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Proof or Disproof

if $ L $ is a Regular language then it has to be that $ L\leq HP $

$ HP=\{<M,x> | M \ halts \ on \ x \} $ Regular language is a language that can be expressed with a regular expression or a deterministic or non-deterministic finite automata

I know that HP is in RE\R and I know the regular language is in R and I know that due to the reduction principle, if $ L1 \leq L2 $ then if $ L2 \in RE $ then L1 must also be in RE and also if L1 is not in RE then L2 also not in RE but this is not the case...

$ f(x) = <M',x> $ lets create M' such that for all x $in \Sigma^* $

  1. run $ M_{regular} $ on x if accepts then accepts
  2. if rejects then go to infinite loop

L is a decidable language then exist a decidable turning machine such that for all x will halt

HP will only halt on x in the language,

if I try to build a reduction from L to HP lets look at the conditions

$x\in L \rightarrow M_L(x)=1 \rightarrow $ M halt on x $ <M',x> \in HP $

$x\notin L \rightarrow M_L(x)=0 \rightarrow $ I can send here to an infinite loop so that M doesn't halt on x $ <M',x> \notin HP $

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    $\begingroup$ What have you tried? Did you try to suggest a reduction? Where you got stuck? We can't just solve your exercises for you. $\endgroup$ Jan 27 at 20:03
  • $\begingroup$ I ask for help this is why I am stuck, from my knowledge I don't know what to do because all the Data in the question does not help me, and I do not understand how to continue because the reduction principle doesn't fit here $\endgroup$
    – maya cohen
    Jan 27 at 20:06
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    $\begingroup$ You need to show some effort. Use the fact that $L$ is decidable, and the fact that HP is non-trivial. Proceed from there. $\endgroup$ Jan 27 at 20:07
  • $\begingroup$ Hey @BaderAbuRadi I added what I tried but with what I think but then it looks like the reduction is valid what I did wrong? $\endgroup$
    – maya cohen
    Jan 27 at 20:13
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    $\begingroup$ "it looks like", in this case, try to prove that it is correct, and see how things go... $\endgroup$ Jan 27 at 20:37

1 Answer 1

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From your attempt, I see that you got the intuition, but you need to define the reduction formally, and then prove that it works. In your solution, it is not clear how $M'$ is defined, and what is $M_{regular}$ -- for me, I just saw your thoughts/attempts, not a proof.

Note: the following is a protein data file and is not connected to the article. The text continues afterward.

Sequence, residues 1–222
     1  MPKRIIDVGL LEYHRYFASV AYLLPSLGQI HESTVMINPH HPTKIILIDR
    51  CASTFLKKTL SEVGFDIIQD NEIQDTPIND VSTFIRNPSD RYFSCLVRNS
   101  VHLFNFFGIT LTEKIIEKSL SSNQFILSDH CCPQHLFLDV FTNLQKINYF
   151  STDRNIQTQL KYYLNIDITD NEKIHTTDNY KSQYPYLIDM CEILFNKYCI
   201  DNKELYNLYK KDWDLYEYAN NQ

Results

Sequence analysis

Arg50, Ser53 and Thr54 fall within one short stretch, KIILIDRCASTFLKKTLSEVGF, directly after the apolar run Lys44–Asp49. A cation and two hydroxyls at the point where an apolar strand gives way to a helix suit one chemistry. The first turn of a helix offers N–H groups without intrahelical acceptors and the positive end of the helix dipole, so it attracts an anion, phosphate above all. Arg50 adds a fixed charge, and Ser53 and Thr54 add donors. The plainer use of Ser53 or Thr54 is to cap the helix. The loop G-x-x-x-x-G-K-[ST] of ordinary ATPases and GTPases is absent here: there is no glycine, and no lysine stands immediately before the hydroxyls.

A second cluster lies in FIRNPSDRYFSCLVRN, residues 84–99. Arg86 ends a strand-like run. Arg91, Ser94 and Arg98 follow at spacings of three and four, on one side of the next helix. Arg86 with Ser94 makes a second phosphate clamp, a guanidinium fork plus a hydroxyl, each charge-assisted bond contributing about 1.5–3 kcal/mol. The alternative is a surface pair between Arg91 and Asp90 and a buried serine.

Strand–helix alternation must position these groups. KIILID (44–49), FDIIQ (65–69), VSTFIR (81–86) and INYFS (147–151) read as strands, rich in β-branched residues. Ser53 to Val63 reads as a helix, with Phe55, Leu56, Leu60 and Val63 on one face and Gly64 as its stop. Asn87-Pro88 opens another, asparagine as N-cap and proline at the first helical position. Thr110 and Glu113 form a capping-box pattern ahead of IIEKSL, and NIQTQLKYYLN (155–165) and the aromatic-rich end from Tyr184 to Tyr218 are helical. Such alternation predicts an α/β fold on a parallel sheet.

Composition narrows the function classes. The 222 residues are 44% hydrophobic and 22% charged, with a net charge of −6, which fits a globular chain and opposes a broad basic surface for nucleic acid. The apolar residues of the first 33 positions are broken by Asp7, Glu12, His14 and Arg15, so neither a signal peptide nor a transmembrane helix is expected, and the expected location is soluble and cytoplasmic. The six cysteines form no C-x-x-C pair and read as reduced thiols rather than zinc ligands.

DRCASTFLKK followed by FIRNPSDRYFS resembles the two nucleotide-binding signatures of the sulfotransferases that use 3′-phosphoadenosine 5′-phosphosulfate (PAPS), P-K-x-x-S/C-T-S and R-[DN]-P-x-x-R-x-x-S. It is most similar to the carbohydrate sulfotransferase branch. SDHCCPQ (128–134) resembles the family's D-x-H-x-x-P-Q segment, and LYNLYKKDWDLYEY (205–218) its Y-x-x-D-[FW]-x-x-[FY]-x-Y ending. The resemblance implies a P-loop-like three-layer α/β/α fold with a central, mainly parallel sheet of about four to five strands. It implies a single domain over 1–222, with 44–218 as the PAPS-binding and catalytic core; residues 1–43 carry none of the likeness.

Here, I showed a slightly more general claim, specifically, every non-trivial language is $R$-hard (harder than every language in $R$). Since $L\in R$, and $HP$ is non-trivial, then what you're asking for follows immediately. Try to prove that the reduction there is computable (there is a TM that computes it), and that it is correct.

The idea essentially is as follows. Since we can decide $L$, then we can define a reduction that checks whether its input is in $L$, and then outputs a word inside or outside $HP$, accordingly. So languages in $R$ are too easy, w.r.t mapping reductions, in the sense that we (the reduction) can solve/decide them, and then output whatever we want.

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  • $\begingroup$ Oh i re-read this question and answer and I see that I didn't mention I was thinking it is a disproof , but from your answer I read you think I was understanding its a proof ... sorry for that ... $\endgroup$
    – maya cohen
    Feb 2 at 22:09
  • $\begingroup$ so if i understood correctly then I need to use the ability that regular languages are in R, and define a reduction that will do the same as what I said in my reduction? $\endgroup$
    – maya cohen
    Feb 2 at 22:10
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    $\begingroup$ Your reduction is not clear to me. If you want we can discus it in chat sometime. $\endgroup$ Feb 3 at 0:41
  • $\begingroup$ do you have time tommorow at 19:00 ? how can we have a chat in this website? $\endgroup$
    – maya cohen
    Feb 4 at 20:49

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